For part ii), look at why a surjective f makes [(g o f) = (h o f)] imply [g = h]. It's because if f weren't surjective, then there could be some element of B, call it b, which f doesn't reach, but which g and h differ on. If g and h differ on b, then g != h, but if f never reaches b, then as long as g and h agree on Im(f), (g o f) = (h o f). So what is the necessary and sufficient condition on f such that (g o f) = (h o f) implies g = h? It's that g and h don't differ on B - Im(f). So either Im(f) = B (that is, f is surjective), or |C| < 2, making it impossible to differ no matter how big B is and no matter how small Im(f) is.

11. Feb 22, 2006

### matt grime

I would go further than AKG: please don't think about functions as ordered pairs, I implore you.

As for the second part of the question, think about it as word association.

Right cancellation is to surjective as left cancellation is to...

can only be one thing, really. Now prove it.

Can I give another example?

Suppose that f maps into the set {0,1}, and suppose that it isn't surjective, well, that just means that f(x)=0 for all x (or f(x)=1 for all x, doesn't matter which).

Now, I can make g and h whatever the hell I feel like and gf(x)=g(0) and hf(x)=h(0) for all x.

So I am free to make g(0)=h(0) and we get gf=hf, and I'm free to make g(1) and h(1) completely different. (This is AKG's 'parts that f doesn't reach').

This shows that right cancellation implies f is surjective, it is up to you to prove the opposite thing.

12. Feb 22, 2006

### 0rthodontist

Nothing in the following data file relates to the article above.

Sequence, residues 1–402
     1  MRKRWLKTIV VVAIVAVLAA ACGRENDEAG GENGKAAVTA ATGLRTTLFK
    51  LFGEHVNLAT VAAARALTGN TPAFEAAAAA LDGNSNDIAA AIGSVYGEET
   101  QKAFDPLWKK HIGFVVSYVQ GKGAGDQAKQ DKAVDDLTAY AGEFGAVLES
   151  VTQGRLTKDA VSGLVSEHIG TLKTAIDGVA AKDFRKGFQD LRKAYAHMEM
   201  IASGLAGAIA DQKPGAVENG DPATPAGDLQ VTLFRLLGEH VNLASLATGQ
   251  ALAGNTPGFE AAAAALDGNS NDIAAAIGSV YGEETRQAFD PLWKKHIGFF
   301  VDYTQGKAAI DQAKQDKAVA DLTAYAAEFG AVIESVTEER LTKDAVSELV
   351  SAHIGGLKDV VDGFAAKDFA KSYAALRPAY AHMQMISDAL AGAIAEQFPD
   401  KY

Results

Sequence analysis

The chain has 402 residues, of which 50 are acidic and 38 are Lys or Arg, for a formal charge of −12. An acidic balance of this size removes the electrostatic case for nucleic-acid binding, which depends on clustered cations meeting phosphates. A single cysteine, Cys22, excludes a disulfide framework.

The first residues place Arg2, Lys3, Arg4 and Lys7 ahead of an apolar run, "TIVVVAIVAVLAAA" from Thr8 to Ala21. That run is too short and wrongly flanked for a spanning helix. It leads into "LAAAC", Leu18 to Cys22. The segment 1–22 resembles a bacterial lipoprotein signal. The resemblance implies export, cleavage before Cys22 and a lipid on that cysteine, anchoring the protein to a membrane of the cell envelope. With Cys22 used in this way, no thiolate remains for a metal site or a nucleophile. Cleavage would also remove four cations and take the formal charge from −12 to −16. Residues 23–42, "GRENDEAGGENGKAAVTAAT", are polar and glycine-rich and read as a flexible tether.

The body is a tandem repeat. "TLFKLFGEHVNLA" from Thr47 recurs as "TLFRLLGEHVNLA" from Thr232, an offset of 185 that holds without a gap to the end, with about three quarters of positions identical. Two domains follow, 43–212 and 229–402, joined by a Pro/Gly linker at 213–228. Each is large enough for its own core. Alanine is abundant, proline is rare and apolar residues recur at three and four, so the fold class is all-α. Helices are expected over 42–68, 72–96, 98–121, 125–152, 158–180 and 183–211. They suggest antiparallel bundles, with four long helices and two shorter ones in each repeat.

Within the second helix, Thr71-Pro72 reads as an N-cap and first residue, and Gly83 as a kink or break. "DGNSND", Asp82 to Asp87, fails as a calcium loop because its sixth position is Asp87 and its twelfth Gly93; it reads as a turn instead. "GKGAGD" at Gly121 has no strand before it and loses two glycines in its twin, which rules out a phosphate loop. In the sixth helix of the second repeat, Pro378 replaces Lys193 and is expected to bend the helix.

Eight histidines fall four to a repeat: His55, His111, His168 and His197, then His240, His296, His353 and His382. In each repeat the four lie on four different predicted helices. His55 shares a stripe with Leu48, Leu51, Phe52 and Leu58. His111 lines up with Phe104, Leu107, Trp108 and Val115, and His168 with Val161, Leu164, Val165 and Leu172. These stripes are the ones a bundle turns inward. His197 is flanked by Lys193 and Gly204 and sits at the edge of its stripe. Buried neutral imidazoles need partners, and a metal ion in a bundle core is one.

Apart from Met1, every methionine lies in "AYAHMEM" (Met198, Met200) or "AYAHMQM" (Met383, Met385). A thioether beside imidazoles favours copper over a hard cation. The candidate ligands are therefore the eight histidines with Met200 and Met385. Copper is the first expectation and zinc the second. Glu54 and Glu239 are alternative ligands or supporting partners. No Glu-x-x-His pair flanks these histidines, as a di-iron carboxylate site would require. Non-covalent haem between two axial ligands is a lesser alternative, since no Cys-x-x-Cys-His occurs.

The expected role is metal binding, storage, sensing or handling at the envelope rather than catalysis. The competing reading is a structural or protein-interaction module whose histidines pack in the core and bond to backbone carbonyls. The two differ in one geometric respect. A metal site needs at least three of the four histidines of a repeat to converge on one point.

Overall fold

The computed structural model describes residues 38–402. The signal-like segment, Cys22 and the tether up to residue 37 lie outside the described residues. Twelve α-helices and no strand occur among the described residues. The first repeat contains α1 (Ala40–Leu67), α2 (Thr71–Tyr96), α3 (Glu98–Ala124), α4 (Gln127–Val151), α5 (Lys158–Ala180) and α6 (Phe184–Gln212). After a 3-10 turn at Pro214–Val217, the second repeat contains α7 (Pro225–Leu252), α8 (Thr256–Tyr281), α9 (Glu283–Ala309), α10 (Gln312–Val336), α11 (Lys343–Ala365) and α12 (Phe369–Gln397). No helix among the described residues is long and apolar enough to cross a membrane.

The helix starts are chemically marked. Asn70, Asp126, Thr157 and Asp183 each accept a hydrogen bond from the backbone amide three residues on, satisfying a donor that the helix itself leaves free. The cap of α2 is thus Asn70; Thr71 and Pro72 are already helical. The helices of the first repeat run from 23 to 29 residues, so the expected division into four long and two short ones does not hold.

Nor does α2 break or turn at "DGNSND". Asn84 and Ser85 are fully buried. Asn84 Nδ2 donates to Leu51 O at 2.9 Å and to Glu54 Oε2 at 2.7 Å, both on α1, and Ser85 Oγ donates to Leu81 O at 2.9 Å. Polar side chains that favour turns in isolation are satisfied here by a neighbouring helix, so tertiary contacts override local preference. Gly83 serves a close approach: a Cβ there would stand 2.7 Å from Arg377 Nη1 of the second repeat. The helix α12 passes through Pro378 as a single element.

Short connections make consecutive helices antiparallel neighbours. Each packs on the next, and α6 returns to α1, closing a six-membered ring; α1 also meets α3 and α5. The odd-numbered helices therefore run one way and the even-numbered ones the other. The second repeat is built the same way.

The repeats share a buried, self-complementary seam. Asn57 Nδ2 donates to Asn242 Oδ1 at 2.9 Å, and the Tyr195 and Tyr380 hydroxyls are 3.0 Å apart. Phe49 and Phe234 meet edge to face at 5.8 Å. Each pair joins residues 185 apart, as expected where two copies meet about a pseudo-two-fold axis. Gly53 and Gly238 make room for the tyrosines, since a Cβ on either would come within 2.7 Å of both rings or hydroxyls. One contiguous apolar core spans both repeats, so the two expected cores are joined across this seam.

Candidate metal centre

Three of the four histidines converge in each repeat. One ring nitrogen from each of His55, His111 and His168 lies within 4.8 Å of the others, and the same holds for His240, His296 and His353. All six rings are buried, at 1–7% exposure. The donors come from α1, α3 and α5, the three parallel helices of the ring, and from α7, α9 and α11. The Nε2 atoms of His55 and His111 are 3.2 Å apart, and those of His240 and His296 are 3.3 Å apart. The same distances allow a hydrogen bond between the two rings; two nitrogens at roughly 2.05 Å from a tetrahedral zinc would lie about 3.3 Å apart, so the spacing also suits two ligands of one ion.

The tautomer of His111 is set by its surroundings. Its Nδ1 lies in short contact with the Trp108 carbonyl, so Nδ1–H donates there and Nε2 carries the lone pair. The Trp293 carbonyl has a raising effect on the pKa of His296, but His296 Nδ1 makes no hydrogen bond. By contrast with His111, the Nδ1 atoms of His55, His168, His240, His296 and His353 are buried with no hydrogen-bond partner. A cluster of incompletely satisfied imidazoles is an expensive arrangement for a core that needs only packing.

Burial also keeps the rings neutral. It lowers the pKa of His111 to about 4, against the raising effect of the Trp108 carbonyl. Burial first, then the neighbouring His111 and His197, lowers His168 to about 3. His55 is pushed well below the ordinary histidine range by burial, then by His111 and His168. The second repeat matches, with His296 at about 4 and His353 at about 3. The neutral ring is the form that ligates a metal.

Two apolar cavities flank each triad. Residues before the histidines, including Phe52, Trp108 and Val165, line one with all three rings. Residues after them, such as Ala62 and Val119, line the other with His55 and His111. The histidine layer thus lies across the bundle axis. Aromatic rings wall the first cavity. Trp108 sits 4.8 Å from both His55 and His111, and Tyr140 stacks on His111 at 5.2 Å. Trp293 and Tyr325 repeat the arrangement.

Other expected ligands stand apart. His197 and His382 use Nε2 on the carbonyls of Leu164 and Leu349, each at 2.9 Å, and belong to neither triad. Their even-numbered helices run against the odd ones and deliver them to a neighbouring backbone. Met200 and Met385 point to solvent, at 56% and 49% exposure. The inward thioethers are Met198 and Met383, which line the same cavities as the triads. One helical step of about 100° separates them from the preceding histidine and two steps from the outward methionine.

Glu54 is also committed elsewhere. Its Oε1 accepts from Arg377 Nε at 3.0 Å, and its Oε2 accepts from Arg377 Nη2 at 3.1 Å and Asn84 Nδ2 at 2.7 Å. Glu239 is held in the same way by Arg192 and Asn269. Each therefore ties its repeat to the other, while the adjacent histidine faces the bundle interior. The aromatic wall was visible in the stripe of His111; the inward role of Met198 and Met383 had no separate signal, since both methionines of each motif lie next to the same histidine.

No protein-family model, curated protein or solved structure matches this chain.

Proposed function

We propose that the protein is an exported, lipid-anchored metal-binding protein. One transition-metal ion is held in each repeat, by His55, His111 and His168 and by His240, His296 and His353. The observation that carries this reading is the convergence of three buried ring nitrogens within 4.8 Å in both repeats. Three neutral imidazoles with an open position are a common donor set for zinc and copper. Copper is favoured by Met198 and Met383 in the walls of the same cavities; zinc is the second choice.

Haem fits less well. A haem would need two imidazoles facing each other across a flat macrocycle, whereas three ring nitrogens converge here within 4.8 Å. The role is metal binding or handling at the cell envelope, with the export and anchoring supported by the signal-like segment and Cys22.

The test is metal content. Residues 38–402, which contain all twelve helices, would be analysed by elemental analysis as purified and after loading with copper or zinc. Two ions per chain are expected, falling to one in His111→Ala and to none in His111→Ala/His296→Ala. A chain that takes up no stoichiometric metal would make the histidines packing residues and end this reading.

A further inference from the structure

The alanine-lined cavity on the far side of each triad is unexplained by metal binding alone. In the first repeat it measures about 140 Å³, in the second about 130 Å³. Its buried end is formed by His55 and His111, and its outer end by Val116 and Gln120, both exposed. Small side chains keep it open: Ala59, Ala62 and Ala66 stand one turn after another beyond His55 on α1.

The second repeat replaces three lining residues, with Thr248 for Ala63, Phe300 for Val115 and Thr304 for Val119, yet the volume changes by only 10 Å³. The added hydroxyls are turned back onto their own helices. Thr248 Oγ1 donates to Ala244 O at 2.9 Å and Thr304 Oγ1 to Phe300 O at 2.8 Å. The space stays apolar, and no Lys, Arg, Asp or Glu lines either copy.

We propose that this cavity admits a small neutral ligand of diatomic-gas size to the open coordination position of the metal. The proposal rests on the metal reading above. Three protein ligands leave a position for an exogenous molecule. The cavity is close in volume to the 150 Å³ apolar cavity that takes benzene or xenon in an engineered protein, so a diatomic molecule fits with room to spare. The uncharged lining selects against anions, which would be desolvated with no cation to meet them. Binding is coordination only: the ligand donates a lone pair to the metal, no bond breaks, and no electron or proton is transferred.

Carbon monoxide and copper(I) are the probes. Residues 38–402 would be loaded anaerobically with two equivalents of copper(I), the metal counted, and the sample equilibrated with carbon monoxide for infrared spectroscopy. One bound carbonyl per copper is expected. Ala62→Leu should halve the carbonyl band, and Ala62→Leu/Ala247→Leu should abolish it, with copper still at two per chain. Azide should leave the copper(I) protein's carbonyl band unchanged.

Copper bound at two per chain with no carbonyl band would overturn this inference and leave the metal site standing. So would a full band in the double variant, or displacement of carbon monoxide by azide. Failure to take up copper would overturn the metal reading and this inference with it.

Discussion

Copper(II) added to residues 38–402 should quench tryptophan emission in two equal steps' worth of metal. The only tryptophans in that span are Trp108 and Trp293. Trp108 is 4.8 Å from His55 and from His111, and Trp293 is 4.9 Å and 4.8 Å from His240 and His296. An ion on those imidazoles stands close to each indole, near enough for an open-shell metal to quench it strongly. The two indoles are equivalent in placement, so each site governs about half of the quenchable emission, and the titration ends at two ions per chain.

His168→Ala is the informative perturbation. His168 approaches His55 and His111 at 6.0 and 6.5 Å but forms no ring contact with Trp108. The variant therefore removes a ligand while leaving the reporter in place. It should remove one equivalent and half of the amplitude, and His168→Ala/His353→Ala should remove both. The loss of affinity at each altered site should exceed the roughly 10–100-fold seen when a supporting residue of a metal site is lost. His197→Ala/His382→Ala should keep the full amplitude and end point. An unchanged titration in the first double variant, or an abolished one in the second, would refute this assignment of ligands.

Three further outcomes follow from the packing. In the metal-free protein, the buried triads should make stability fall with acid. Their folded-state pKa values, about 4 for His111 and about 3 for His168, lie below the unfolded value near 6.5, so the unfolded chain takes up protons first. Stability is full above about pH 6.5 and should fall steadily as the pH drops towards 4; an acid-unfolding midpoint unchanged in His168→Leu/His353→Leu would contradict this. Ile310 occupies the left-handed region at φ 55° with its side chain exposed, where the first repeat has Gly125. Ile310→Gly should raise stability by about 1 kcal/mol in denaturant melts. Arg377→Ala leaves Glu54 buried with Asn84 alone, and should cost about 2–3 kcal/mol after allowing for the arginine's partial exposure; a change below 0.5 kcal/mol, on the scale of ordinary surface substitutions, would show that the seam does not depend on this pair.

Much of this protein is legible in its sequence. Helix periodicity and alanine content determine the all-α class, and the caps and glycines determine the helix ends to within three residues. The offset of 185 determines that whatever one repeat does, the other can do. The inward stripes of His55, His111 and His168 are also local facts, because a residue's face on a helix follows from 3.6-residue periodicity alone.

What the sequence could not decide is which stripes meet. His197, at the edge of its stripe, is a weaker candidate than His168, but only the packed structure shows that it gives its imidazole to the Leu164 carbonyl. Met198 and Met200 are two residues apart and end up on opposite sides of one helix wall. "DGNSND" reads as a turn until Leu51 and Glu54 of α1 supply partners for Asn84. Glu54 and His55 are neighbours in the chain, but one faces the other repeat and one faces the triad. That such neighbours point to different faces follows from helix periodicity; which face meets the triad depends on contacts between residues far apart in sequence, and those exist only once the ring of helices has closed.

Well, you're saying the same thing. Equality of functions is just equality of sets.

There is sometimes an advantage to looking at functions as ordered pairs. I am taking formal language theory and we see that an automaton Q, sigma, delta, q0, F can be represented as a graph where the edges correspond to ordered pairs in the function delta. function = ordered pairs = edges of a graph. That would not have been as clear without the ordered pair concept.

13. Feb 22, 2006

### AKG

Of course it is technically saying the same thing, but the whole point is that looking at them as ordered pairs is a poor way to look at them. Looking at them as edges of a graph is an even worse way to look at them. The goal here was to prove some property of surjective functions, not to think up all possible ways to regard functions.

14. Feb 22, 2006

### 0rthodontist

In finite automata it seems that visualization as graphs is really the best way to think about the automata, from an intuitive perspective. I'm not saying you need to explicitly think about ordered pairs in this problem but it is not entirely useless. It seems to me that the best way to think about easy function problems like this is in terms of domain-codomain diagrams, where the idea of images and preimages gets close to ordered pairs.

Anyway, it's simple to give counterexamples in the notation of ordered pairs. You could organize it as a table, but why bother. The notation is there, it only takes a minute to learn if he doesn't already know it, and he may run into it later.

Last edited: Feb 22, 2006
15. Feb 22, 2006

### AKG

I agree that thinking in terms of domain-codomain diagrams with pictures of images and preimages is a good, if not natural way to think about these problems. If you believe that ordered pairs, graphs, or automata (whatever those may be) are somehow easier, more intuitive, more effective, or at all necessary, then go ahead and believe it, but I don't think you'll convince me. It's simple to give a counterexample in any notation, I would bet, but in which "notation" is it easiest to think of a counterexample?

16. Feb 23, 2006

### matt grime

If you think only in terms of ordered pairs to describe functions then the number of functions you can actually work with reasonably is vanishingly small.